From the history of powered flight to the physics of theme park rides, Year 9 pupils covered a lot of ground on their four-day Science trip to Paris.
Travelling by coach and ferry, the 43-strong group not only literally covered many miles, but also made great strides in their learning as they took in real-life examples of scientific principles in action.
Physics teacher and Academic Enrichment Tutor Gillian Deakin said: “The tightly packed programme had been planned to, on the one hand, showcase some of the interesting applications of Science from the classroom while, on the other, providing discussion points for future lessons.”
The first stopping-off point for the group was the National Air and Space Museum of France, at Paris’s historic Le Bourget, still a working airport for private flights. With nearly 20,000 exhibits, the museum features two Concordes among its 150 aeroplanes. The boys sampled the flight simulator and learned about the development of flight, from air balloons to the modern day.
Pupil Aarush Verma particularly enjoyed this visit: “I attend air cadets outside of school, so it was nice to see a variety of different aircraft, from the first planes to modern passenger planes, such as the A380.”
The rockets there were a highlight for his fellow pupil, Vignesh Rajiv:“I was very impressed by the scale and size of them.”
Later, at the Cité des Sciences et de l’Industrie, the biggest science museum in Europe, the group were able to see exhibitions on themes from genetics to energy. “I found the robotics section especially fascinating as visitors could control the robots,” said Aarush. “It linked up really nicely with my personal interests at School, where I’m active with VEX Robotics.”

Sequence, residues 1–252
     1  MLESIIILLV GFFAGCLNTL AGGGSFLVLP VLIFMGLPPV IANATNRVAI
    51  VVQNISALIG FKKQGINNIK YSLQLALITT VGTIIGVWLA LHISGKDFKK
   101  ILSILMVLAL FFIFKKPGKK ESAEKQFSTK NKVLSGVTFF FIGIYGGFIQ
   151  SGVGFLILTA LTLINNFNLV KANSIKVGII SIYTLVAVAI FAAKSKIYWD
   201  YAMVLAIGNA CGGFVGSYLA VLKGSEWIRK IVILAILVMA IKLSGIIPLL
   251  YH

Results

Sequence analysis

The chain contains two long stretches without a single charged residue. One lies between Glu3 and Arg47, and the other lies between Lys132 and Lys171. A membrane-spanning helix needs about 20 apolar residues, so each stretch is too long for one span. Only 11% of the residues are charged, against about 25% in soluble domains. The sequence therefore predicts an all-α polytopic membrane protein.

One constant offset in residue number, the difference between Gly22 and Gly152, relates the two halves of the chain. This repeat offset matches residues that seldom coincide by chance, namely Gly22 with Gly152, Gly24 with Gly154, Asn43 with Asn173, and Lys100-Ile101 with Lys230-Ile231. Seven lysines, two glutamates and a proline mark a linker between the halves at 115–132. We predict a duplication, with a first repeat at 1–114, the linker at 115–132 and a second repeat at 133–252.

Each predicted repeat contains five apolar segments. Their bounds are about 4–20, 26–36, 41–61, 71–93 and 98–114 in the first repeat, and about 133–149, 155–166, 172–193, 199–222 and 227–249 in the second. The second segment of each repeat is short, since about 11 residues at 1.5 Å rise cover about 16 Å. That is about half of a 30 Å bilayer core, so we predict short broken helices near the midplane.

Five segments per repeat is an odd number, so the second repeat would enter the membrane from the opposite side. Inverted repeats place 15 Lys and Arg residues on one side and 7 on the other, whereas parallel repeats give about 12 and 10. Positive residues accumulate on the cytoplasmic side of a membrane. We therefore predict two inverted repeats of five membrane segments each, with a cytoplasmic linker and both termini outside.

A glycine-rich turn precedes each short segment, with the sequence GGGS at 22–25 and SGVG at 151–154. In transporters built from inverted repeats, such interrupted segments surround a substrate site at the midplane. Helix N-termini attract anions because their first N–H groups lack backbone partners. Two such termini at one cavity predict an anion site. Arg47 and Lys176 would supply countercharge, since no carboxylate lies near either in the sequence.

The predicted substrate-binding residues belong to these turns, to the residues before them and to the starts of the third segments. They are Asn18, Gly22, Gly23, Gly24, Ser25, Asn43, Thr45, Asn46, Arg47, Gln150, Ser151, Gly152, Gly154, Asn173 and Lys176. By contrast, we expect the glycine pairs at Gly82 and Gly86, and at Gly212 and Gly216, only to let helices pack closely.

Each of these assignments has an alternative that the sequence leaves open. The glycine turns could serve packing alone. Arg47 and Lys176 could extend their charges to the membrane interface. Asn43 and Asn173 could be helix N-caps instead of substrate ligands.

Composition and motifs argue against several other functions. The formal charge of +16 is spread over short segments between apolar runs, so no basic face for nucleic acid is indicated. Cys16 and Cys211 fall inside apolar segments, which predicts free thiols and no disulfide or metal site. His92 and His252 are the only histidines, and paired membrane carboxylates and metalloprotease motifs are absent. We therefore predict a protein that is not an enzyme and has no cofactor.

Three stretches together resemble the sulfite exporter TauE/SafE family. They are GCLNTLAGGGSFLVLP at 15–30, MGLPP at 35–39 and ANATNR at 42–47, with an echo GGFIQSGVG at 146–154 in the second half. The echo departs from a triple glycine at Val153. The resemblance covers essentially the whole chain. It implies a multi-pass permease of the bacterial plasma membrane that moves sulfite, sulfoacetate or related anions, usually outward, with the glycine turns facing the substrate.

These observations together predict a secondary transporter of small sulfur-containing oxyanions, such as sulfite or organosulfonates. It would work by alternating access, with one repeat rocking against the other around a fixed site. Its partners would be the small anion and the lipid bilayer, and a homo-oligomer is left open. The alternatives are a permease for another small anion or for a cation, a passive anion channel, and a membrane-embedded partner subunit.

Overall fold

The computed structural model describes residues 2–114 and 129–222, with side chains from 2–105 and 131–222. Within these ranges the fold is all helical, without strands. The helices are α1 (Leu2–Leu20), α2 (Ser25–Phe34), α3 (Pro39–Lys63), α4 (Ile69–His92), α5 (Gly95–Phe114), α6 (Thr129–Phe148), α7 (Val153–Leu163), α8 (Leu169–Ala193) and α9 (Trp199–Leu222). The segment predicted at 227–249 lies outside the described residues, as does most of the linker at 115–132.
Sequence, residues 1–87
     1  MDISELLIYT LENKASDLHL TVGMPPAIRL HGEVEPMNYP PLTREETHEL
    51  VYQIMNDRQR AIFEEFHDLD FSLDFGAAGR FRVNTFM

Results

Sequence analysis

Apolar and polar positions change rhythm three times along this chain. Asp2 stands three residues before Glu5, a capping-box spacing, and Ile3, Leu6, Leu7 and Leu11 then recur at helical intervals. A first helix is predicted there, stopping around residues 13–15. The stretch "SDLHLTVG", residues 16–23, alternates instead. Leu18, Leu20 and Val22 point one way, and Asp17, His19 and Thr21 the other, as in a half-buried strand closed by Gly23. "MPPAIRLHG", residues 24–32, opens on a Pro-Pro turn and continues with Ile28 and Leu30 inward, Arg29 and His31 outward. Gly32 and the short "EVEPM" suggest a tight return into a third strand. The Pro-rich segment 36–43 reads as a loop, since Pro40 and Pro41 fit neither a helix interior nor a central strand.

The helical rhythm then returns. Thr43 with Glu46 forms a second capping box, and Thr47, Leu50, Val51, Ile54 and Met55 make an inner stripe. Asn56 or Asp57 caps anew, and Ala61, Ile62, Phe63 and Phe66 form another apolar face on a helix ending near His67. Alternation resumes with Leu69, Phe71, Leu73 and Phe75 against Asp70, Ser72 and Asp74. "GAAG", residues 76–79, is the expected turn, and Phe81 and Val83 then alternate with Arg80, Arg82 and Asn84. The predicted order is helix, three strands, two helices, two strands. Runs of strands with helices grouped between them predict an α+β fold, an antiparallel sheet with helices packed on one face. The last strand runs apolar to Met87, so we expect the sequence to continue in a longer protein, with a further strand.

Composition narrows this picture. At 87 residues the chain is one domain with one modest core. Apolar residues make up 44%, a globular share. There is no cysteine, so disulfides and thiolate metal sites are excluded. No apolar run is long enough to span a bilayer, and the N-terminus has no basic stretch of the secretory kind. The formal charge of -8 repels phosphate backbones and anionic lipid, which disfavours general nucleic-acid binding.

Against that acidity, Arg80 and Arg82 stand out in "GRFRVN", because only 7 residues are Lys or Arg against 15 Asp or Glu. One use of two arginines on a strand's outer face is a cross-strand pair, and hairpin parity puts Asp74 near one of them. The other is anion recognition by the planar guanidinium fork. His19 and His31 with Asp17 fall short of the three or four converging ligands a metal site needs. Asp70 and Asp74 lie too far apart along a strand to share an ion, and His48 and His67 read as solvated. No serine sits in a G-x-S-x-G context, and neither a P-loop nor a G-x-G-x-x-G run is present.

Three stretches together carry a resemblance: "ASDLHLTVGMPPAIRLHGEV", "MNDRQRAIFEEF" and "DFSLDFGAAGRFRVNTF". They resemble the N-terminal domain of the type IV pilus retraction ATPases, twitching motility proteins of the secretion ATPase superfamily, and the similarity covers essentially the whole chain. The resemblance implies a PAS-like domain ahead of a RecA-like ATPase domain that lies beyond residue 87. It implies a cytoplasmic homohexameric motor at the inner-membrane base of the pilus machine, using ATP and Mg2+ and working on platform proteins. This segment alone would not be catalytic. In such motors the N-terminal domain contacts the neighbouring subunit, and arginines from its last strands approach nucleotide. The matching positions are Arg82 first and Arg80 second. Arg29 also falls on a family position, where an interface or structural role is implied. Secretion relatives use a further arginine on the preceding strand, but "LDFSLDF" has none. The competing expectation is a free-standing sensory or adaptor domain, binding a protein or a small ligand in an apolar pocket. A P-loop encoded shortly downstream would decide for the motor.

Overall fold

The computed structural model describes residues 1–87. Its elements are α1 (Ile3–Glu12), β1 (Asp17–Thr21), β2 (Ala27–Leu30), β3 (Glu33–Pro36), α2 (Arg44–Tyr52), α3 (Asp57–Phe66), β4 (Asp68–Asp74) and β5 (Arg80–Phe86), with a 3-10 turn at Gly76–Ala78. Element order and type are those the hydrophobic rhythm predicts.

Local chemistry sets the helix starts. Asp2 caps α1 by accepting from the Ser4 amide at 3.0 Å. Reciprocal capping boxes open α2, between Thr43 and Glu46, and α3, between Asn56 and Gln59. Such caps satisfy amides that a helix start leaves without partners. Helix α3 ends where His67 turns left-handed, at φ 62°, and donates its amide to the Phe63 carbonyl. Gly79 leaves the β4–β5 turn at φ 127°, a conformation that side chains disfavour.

Another highlight of the trip was a night tour of Montparnasse. “We watched the illumination of the Eiffel Tower at 8pm and got amazing views of Paris,” said Miss Deakin.
The following day the group headed off to Disneyland Paris where they sampled various attractions, from Hyperspace Mountain (a Star Wars-themed ride), to It’s a Small World, a water-based boat ride with audio-animatronic dolls.
“The boys have been studying energy transfers in Science, and the rides have furnished knowledge which they will now have the opportunity to discuss in the classroom,” said Miss Deakin.
“We also got to watch the parade, which included several childhood favourites, and there were some exciting pyrotechnics, which showcased yet more interesting applications of Science.”
The final day included a quick stopover at the Cité Europe shopping centre for lunch and souvenirs. Although the ferry home was delayed by over an hour and a half because of poor weather, a free meal provided the boys with compensation for the hold-up.